Incidentally, the verb that the Upanishad uses for ‘made’ in “made the senses turn outward” is *vyatRNat* which means also ‘punished’ thus giving a beautiful meaning that the senses were ‘punished’ not to be able to look inward. One is also reminded of the words of curse in the Old Testament cast by God on Adam and Eve.

‘Thou art That’ as anAdi-yoga.

Dhritarashtra now and then intercepts the discourse and asks very interesting questions. One of the earliest questions he asks is: Who is it that directs this Soul, what is it that it achieves by so doing? The answer comes from the highest spiritual point of view. In Hinduism a question has sometimes more than one answer depending upon from which level of evolution you are talking or to which level you are answering. The simple answer to this question of Dhritarashtra could have been that the paramAtmA who is the indweller of all, directs each soul in its ways and the purpose is to take the soul upwards in evolution – this is the answer which will be understood by the neophyte. But Sanatsujata prefers not to compromise on such fundamental issues. He replies: “Default will arise, we will be making a Himalayan blunder, if we make a distinction between the Supreme reality and the individual soul; everything happens by what may be called anAdi-yoga. The Sanskrit word ‘Adi’ means, original, the source, oldest. The word anAdi means that which has no source, is the most original. So anAdi-yoga means the yoga or technique that has been in vogue from time immemorial. This anAdi-yoga therefore refers to the composite existence of PrakRti and PuruSha from the infinite past. The Gita uses the same word anAdi in reference to PuruSha and prakRti. (B.G. 13-20/21).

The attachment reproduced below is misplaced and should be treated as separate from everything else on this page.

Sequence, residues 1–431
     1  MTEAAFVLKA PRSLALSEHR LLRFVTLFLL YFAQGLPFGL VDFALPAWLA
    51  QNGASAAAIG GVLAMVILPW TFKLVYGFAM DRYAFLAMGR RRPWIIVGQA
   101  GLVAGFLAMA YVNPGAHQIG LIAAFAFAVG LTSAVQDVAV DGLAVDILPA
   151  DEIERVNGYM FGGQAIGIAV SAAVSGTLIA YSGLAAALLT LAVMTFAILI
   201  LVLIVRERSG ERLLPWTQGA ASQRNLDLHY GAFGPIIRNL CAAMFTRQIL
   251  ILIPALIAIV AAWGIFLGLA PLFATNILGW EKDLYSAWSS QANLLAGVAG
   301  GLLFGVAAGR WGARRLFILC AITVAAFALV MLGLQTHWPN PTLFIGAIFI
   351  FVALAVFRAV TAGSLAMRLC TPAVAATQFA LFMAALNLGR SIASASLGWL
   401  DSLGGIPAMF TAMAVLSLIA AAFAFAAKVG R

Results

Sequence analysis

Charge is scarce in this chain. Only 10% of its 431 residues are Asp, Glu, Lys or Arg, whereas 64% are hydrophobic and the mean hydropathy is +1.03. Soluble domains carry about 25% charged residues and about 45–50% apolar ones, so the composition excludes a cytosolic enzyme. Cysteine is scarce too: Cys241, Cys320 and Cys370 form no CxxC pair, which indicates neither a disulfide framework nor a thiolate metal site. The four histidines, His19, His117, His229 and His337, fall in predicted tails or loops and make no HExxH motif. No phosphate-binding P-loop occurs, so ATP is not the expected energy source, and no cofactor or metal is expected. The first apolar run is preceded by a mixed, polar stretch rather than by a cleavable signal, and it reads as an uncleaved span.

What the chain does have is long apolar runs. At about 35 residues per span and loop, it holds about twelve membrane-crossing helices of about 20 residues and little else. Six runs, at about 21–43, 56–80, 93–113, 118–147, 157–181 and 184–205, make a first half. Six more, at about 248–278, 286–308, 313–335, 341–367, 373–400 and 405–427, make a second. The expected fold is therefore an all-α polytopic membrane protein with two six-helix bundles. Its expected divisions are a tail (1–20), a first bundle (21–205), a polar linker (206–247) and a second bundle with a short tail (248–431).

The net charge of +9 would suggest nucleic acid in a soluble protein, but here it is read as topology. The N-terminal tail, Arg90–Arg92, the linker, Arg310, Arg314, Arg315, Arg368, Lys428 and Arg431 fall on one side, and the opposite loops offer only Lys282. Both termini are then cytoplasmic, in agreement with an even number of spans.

The concept that one should not distinguish between the individual soul and the Supreme Reality is an echo from the Taittiriyopanishad. The theme there is: Brahman is without multiplicity; even the smallest difference between Brahman and JIva is not to be accepted.

yadA hyevaiSha etasmin adRshye anAtmye anirukte anilayane abhayaM pratiShTAM vindate / atha so bhayam gato bhavati / yadA hyevaiSha etasmin udaramantaraM kurute / atha tasya bhayaM bhavati / tattveva bhayam viduSho-manvAnasya / Taittiriya U. II – 7

‘The individual soul becomes fearless only when it obtains firm and peaceful ground in that invisible, selfless, undefined, nameless, supportless Reality; whenever it assumes the tiniest  difference in that state of identity, then it has fear.  That is why even a wise man has fear when he is not reflective’.

The Kathopanishad says: (II – 1 – 10)

yadeva iha tad-amutra / yad-amutra tad-anviha /mRtyos-sa mRtyum-Apnoti ya iha nAneva pashyati //

What is within us is also without. What is without is also within. He who sees difference between what is within and what is without goes evermore from death to death.

Sanatkumara himself tells Narada in Chandogya Upanishad (and note that there is the same connotation with Immortality here): (Ch.U.VII – 24 – 1)

yatra nAnyat pashyati nAnyat shRNoti nAnyad-vijAnAti sa bhUmA / atha yatra anyat pashyati anyad-shRNoti anyad-vijAnAti tad-alpaM /yo vai bhUmA tad-amRtaM / atha yad-alpaM tan-martyaM //

Where one sees nothing else, hears nothing else, cognises nothing else, that is Infinite. Where one sees another, hears another, cognises another, that is finite. That which is infinite is immortal That which is finite is mortal.

Continued on Part III

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Feb.28, 2007  Copyright Ó V. Krishnamurthy